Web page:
How Can Bridge Loans save the SF Real Estate Market?
We are seeing an extreme shortage of inventory in the SF Real Estate market. Buyers and agents complain there are no homes to purchase, while sellers fear selling their home just to find themselves in the unenviable position of competing for homes with all the existing buyers.
Not even in the heyday of the dotcom boom in the late 90’s, when we saw buyers offer stock options in their purchase contracts, was competition as fierce as it is right now. In those heady days we were seeing prices go up at a precipitous rate, but we were still able to help our clients sell their existing home and buy up into a bigger home or downsize into a smaller property. For these sellers we often helped them secure a “Bridge Loan”. The Bridge Loan would allow sellers to access the equity in their current home without having to sell it first. They could purchase their new home before they sell the one they are currently living in.
The Bridge Loan (also Interim Financing, Gap Financing, and Swing Loan) eliminates the unsavory possibility of ending up “Homeless”, and being forced to make several moves: First from an existing home into temporary housing and then finally into the home they eventually purchase. This also eliminates the extra costs and hassles associated with multiple moves including “equity erosion” when a seller, now a buyer, is stuck renting as prices continue to head upwards.
So why is housing inventory in San Francisco so low? We believe the answer is two fold. On the one hand owners are watching their properties appreciate for the first time in 5 years, and frankly waiting may net them more money in the future. The other, possibly more important, reason is that owners often decide to sell their property after they have decided where they want to move to, and if they don’t want to leave San Francisco they quickly become aware this may be a difficult proposition.
As for the sellers expecting larger returns in the future this is a risk because, as Yogi Berra said, “predictions are difficult especially about the future”. Homes may or may not be worth more in the future, and often life shows up to decide when the right time is to sell a home. Not being able to find the next home is a powerful incentive not to move, and this is where Bridge Loans could make all the difference.
The Bridge Loan is financing with a short duration designed to “Bridge the Gap” between the time a new home has been purchased and when the old home has been sold. A Bridge Loan is used by purchasers who need the equity from their current home to pay the down payment on the new home. During this period the home purchaser will actually own both properties and will therefore be responsible for paying two mortgages; one for the old home and one for the new home. Bridge loans come with higher interest rates and usually require collateral typically in the form of real estate, but the freedom a bridge loan offers can make the extra cost more than worth it.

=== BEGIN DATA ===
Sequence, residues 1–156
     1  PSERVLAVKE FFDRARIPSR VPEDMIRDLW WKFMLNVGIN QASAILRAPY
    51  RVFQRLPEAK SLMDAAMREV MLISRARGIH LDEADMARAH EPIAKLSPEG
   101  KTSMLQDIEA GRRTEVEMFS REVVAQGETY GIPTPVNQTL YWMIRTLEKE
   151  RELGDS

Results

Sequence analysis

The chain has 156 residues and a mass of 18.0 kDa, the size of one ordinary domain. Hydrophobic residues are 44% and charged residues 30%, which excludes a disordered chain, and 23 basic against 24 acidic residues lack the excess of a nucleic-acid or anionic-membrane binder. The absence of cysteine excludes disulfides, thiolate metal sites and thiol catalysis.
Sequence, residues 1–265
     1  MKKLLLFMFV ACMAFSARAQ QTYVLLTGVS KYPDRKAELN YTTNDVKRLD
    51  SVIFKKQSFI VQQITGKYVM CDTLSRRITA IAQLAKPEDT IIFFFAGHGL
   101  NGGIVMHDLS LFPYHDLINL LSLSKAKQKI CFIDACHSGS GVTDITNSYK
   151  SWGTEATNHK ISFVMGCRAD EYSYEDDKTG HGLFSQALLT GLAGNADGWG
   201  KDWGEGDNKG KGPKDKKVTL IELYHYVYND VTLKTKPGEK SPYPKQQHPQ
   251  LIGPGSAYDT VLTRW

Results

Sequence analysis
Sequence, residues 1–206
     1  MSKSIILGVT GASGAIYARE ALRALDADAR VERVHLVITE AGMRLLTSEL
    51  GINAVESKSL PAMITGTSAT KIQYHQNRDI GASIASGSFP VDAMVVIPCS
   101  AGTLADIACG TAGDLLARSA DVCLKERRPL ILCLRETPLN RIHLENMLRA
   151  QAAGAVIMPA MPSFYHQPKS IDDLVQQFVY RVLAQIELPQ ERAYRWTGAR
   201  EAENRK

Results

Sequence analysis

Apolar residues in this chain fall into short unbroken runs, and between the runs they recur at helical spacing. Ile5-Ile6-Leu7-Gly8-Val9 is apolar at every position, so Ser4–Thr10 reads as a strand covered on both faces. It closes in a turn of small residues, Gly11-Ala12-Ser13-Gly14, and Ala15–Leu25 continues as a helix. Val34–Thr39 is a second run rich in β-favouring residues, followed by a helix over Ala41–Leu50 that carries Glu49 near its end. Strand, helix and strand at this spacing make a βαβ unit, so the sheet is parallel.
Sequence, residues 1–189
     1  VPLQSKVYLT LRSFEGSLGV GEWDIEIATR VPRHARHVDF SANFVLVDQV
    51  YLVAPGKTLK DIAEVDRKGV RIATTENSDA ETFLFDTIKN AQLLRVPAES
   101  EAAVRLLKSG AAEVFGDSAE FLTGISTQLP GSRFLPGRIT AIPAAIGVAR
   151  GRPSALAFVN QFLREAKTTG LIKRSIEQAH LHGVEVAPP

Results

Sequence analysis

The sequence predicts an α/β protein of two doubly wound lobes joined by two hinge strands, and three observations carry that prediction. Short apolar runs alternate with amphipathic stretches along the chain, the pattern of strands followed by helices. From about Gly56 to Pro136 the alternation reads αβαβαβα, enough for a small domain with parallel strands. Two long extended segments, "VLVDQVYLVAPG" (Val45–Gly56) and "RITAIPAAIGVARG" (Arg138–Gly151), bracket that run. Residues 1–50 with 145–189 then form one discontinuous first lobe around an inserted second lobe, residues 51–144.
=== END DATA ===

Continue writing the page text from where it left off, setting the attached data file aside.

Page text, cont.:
Bridge loans are currently very difficult to get, as are all real estate loans at this point. If the bridge loan were to become a more viable option, more home owners would find themselves willing to start their search for a new home, and therefore eventually put their current home on the market. This would put more homes on the market and alleviate the housing shortage; San Francisco real estate market Saved!
We have spoken with lenders to give an idea of what they are looking for when offering Bridge Loans.
Hard Money Lender:
1) Cross collateral both properties (current house and new home purchase) at 30% LTV so loan amount is $470k ($800 current +769 purchase X .30 LTV)
2) Rate of 7.85%, amortized 12 years, payments $5,049. Down payment required $300k
3) Cost is 5 Points for loan origination. If the properties appraise for less, so that the loan amount
4) Exceeds 30% combined LTV the rate will be 8.35%.
1) Loan against existing property only.
2) Estimated value $800k and can go to 55% LTV so loan amount is $440k cash out.
3) The rate is 9.95%.
4) Everything else is the same (12 year amortized and cost 5 points)
Note that we have to do this type of financing under rules for owner occupied residential loans. Private counsel has already been consulted on this unique situation for these borrowers. This lender usually makes these loans with a 2 year prepay penalty of 2% the first year and 1% the second year (on a 30 year amortized loan). In order to meet legal ramifications (to treat all borrowers equally) the lender will shorten amortization in order to legally compensate for waiving the prepay penalty. So this is a unique bridge loan.
A Private Equity Mortgage Advisor:
Here are the parameters for the bridge loan, keep in mind they are case by case:
- Max loan amount of $350,000
- Combined liens can not exceed 80% of the value of the property
- Credit score 720+
- No pre-payment penalty
- Rate is case by case, but expect it too be around 7.00% with 1 point.
- The payment (interest only) is collected when the loan closes. No payments are due until the home is sold. The term of the loan is 1 year.